Normally when the Army is called in to maintain order in the immediate neighborhood of Kolkata, police personnel are injured, places of worship are desecrated, shops of a particular religious community are targeted for looting, and communities escape their home in fear of violence we would consider it to be headlines/breaking news-worthy. Perhaps not as earth-shaking as Shiney Ahuja’s maid withdrawing rape accusations or Formula 1 racing coming to India, but definitely worth front page real estate. Yet if I look at the home pages of NDTV and IBN and TOI (at the time of writing), I find not one mention of these events.
A search on Google news on “Deganga” throws up a handful of articles (thirty one at moment of writing) in mainstream media, and an overwhelming majority of these are so deliberately vague that they sound like a parent trying to explain to a nine-year old kid where babies come from. We are told about the Army staging flag marches (one might think this is a rather regular occurrence in a state like Bengal deserving only a passing mention), groups of people (my friend Rimi told me that’s how the local Bangla papers reported it) fighting each other over a “local issue” , violence over ambiguous disputed structures——–like it is some small passing thing of no importance, or at least nothing as worthy of prime placement as one of the headline items I see on the page of IBN namely “Aamir Khan is India’s national treasure“.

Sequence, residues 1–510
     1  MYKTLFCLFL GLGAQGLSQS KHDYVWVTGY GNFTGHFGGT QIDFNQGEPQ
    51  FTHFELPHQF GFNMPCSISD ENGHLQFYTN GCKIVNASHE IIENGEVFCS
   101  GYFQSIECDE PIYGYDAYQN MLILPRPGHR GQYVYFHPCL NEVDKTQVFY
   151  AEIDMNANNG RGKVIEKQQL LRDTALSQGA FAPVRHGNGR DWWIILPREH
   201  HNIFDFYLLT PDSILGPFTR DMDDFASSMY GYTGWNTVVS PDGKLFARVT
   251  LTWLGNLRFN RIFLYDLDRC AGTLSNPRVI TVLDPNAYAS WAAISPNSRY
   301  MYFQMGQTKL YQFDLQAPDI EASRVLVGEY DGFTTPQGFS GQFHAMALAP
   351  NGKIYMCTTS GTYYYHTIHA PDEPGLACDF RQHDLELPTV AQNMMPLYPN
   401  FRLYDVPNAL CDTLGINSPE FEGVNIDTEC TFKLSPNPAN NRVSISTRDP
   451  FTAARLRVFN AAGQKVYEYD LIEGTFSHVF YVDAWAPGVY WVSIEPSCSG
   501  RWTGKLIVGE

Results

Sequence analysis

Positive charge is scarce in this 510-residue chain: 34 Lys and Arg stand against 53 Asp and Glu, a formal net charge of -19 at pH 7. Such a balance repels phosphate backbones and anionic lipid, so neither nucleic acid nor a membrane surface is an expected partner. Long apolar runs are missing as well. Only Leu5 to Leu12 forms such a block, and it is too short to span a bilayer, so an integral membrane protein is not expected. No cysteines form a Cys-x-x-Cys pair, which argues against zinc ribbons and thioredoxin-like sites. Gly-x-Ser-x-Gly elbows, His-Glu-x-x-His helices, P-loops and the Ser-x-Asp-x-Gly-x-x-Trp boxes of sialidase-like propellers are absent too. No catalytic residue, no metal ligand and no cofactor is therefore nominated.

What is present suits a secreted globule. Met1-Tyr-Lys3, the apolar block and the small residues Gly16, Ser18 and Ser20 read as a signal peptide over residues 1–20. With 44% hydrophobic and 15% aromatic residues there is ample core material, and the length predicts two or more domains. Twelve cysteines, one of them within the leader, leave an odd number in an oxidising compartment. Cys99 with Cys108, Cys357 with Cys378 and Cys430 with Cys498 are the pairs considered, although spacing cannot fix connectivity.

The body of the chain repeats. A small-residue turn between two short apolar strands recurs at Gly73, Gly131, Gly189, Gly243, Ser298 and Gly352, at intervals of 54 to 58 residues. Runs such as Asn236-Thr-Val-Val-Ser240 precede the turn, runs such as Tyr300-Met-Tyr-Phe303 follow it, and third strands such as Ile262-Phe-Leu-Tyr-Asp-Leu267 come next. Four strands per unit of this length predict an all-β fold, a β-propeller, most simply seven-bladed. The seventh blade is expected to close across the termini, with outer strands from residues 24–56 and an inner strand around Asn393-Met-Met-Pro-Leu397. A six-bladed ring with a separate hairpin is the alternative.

Despite the standard fig-leafs of “one particular community”, Pioneer (and no doubt because it is well known to be right-leaning) [Link and Link] gives us the most information among mainstream media outlets. That of dwellings being targeted by armed mobs “of a particular community” and of Hindu temples being desecrated and of the law enforcement machinery helpless and under attack from these lumpen elements, backed by the Trinamool Congress, which has necessitated the calling in of the Army. This incident is of course an extreme flare-up in a ceaseless battle of attrition raging in Bengal’s border districts where illegal migrants from across the border have altered the demographics of the region, bringing with them the culture of religious persecution that characterizes Bangladesh, as a means of asserting their numerical and political superiority—-certainly something that deserves a little bit more seriousness than the “slanging-match between two groups of people over some triviality” angle that most mainstream media outlets are taking.
Which brings us to another question. Why this obvious shoving under the carpet? And why do media outlets talk of “communities” without taking names? One reason, many of our “liberal” friends will say, is that violence and criminal activity have no religion and hence attaching religious descriptors means giving a communal angle. Well there are two problems with this argument. First of all, it is not a universally enforced standard—the same media has no problem in citing the religion of those who murdered Ehsaan Jaffri in Gujarat or tore down the Babri Masjid. And they well should because these acts of barbarity were done in the name of religion. When gangs of football fans fight over a disputed goal, newspapers report it as “East Bengal fans clash with Mohun Bagan fans” and not “groups of people fought”.Why? Because they are clashing over a football rivalry and the cause of the conflict is defined by their club-affiliation. Similarly, when groups are clashing because of their religion, when shops are being picked out for looting because of the religious affiliation of their owners and when religious places of a particular religion are being targeted, why the hypocrisy in hiding the very basis of the selection and conflict?